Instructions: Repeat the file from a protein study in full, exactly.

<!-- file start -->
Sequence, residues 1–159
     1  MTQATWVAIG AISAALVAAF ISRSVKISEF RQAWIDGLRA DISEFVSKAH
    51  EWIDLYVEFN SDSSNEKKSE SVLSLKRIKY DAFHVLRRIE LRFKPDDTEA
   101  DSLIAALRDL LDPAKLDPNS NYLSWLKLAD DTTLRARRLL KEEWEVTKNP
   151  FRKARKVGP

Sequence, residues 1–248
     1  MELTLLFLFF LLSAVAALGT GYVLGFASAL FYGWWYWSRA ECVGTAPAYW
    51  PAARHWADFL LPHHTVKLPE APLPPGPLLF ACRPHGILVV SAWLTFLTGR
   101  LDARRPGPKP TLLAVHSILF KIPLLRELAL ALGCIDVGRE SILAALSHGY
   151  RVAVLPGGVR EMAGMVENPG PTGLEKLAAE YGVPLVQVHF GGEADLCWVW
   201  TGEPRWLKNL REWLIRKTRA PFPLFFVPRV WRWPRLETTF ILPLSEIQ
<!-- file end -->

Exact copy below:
Sequence, residues 1–159
     1  MTQATWVAIG AISAALVAAF ISRSVKISEF RQAWIDGLRA DISEFVSKAH
    51  EWIDLYVEFN SDSSNEKKSE SVLSLKRIKY DAFHVLRRIE LRFKPDDTEA
   101  DSLIAALRDL LDPAKLDPNS NYLSWLKLAD DTTLRARRLL KEEWEVTKNP
   151  FRKARKVGP

Sequence, residues 1–248
     1  MELTLLFLFF LLSAVAALGT GYVLGFASAL FYGWWYWSRA ECVGTAPAYW
    51  PAARHWADFL LPHHTVKLPE APLPPGPLLF ACRPHGILVV SAWLTFLTGR
   101  LDARRPGPKP TLLAVHSILF KIPLLRELAL ALGCIDVGRE SILAALSHGY
   151  RVAVLPGGVR EMAGMVENPG PTGLEKLAAE YGVPLVQVHF GGEADLCWVW
   201  TGEPRWLKNL REWLIRKTRA PFPLFFVPRV WRWPRLETTF ILPLSEIQ